The Republican National Committee (RNC) and the Republican candidate attorney general’s race in Arizona filed a lawsuit Tuesday alleging that the results of the race may have been influenced by the elections officials’ mismanagement.
The GOP nominee for AG Abraham Hamadeh has lost the race – which was set to go to a recount – with Democrat Kris Mayes by 510 votes.
The lawsuit he filed along with RNC names as defendants Arizona Secretary of State Katie Hobbs (D), Mayes, and the recorders and boards of supervisors of each county in Arizona, but specifically notes that it is not alleging any fraud, manipulation, or other intentional wrongdoing.
The plaintiffs, instead, argue that the manner in which some polling places were managed and how some ballots were processed and tabulated made the election afflicted with certain errors and inaccuracies.
The lawsuit claims that voters who were wrongly marked as having already voted have seen their provisional ballots and early ballots improperly disqualified Maricopa County officials named in the complaint, which also unconstitutionally prevented individuals from casting provisional ballots because they could not confirm the individuals’ voting eligibility.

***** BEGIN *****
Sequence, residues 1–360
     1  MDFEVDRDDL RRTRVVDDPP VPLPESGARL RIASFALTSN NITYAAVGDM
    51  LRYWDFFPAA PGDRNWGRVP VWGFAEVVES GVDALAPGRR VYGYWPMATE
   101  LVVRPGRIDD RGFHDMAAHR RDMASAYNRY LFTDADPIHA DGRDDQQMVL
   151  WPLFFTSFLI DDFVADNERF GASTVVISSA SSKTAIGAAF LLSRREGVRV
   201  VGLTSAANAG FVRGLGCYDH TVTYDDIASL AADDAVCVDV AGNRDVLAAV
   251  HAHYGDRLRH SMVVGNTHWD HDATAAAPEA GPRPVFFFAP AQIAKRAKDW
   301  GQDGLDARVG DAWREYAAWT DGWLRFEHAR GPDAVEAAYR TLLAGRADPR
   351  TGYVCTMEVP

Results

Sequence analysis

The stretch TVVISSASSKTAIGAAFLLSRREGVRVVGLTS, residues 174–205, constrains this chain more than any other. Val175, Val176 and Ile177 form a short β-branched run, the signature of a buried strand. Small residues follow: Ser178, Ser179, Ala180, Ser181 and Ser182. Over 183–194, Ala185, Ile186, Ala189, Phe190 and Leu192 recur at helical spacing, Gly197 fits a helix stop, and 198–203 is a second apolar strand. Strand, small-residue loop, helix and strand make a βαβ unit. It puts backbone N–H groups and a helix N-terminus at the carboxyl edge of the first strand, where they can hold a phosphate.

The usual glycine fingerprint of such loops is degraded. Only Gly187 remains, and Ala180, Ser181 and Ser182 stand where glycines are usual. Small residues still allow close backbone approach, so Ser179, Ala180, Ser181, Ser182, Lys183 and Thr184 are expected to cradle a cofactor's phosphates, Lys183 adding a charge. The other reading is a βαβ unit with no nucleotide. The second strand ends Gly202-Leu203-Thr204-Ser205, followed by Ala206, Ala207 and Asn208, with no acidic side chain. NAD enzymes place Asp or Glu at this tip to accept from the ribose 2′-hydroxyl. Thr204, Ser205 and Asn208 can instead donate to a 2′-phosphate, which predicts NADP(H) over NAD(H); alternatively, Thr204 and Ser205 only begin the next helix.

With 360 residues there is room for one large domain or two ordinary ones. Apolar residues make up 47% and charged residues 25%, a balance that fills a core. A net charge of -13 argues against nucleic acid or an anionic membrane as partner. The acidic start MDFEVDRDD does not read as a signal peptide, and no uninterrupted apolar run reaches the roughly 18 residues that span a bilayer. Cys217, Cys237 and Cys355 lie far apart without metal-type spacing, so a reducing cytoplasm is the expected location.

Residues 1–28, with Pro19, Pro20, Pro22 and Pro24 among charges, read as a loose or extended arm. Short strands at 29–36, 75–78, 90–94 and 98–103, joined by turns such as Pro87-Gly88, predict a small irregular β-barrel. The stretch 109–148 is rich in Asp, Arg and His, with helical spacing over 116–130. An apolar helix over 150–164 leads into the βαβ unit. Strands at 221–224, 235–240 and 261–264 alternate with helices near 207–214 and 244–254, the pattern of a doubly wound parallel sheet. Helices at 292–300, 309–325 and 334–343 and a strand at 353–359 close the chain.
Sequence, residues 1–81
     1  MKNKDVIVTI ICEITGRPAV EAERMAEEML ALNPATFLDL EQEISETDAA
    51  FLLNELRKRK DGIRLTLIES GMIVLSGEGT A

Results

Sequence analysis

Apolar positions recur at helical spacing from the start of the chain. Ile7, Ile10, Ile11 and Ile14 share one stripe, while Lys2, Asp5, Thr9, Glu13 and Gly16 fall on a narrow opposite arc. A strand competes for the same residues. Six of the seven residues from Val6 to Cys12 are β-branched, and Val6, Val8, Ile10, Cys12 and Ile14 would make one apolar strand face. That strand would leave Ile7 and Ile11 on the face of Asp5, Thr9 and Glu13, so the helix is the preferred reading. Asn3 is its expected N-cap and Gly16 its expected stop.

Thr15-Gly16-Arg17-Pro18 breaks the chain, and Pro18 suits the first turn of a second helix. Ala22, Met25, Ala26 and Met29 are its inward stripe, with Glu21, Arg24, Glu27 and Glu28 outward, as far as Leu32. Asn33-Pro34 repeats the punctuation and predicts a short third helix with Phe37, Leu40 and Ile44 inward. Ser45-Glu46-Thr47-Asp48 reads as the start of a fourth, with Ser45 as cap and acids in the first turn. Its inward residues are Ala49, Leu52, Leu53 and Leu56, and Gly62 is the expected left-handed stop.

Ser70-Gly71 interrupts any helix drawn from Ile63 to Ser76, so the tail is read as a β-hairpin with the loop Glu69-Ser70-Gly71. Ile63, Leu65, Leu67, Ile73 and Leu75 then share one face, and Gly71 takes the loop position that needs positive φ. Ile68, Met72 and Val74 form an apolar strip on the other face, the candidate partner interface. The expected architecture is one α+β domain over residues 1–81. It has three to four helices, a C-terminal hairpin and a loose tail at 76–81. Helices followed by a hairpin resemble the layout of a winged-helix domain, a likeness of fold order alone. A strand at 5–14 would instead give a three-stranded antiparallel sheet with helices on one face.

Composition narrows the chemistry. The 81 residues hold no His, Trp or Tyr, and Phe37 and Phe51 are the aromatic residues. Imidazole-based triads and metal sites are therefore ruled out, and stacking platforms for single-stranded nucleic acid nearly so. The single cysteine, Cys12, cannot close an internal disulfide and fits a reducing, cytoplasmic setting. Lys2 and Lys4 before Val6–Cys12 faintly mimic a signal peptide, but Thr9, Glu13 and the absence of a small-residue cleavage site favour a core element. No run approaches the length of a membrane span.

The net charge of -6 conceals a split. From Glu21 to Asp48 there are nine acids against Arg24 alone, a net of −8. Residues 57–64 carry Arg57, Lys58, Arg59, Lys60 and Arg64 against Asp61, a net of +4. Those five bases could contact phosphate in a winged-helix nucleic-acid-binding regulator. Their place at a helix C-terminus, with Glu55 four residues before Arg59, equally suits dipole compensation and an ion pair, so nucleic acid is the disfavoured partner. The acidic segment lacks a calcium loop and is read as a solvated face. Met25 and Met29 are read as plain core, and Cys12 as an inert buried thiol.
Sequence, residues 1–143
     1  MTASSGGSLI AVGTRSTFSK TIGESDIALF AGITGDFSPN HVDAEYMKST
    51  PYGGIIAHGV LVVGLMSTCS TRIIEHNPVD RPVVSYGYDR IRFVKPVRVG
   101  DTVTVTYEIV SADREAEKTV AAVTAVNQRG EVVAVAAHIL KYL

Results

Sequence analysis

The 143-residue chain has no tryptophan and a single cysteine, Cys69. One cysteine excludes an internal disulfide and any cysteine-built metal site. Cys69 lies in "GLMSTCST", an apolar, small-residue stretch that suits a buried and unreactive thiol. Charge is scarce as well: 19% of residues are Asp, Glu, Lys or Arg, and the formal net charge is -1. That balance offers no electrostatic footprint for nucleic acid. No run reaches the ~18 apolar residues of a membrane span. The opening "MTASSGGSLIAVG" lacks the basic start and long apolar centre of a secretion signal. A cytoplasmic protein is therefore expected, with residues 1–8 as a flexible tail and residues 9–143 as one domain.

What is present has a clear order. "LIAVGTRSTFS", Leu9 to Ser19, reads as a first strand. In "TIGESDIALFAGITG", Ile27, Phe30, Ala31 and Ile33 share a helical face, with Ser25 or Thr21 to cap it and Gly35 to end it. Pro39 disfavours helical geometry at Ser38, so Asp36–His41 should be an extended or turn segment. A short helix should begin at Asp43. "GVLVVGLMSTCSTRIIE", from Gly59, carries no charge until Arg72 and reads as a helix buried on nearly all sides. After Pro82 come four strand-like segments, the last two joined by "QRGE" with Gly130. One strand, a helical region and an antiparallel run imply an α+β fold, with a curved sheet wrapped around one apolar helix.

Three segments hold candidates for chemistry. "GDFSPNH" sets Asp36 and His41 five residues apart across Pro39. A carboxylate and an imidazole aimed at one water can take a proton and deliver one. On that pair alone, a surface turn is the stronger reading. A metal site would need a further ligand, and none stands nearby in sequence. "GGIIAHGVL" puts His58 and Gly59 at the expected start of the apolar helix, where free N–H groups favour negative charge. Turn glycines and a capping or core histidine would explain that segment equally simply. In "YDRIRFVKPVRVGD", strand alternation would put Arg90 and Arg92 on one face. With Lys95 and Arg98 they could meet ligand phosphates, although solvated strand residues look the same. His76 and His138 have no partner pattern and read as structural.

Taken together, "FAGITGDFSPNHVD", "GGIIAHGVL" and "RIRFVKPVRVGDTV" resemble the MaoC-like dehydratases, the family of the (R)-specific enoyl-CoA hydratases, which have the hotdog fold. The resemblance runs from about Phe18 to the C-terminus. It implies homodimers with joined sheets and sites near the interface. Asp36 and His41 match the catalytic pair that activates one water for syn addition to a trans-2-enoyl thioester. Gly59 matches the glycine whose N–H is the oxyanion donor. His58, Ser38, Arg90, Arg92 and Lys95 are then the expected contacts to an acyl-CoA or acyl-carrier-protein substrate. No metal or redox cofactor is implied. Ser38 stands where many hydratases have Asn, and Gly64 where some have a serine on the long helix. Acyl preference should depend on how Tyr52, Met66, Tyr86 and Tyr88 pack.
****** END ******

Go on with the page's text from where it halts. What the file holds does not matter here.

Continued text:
According to the RNC and Hamadeh, some voters’ candidate selections were improperly tabulated by state county officials after they duplicated certain ballots that could not be counted electronically and adjudicated certain ballots that could not be counted electronically.
The county officials, as the complaint further reads, improperly accepted early ballots that were accompanied by affidavits with signatures that were not matching those on voters’ registration records.
Arguing that pervasive errors by Arizona election officials resulted in the disenfranchisement of countless Arizonans who had their voices silenced, Hamadeh emphasized that filing a lawsuit was the only way for them to provide accountability and restore confidence in the state’s broken election system.
The Republican nominee for governor in the state, Kari Lake, and Arizona Attorney General Mark Brnovich (R) already raised concerns that have put under scrutiny the electoral process in Arizona and specifically Maricopa County over a logistical issue that occurred on Election Day and affected 17,000 ballots which were not printed dark enough for tabulators to read them.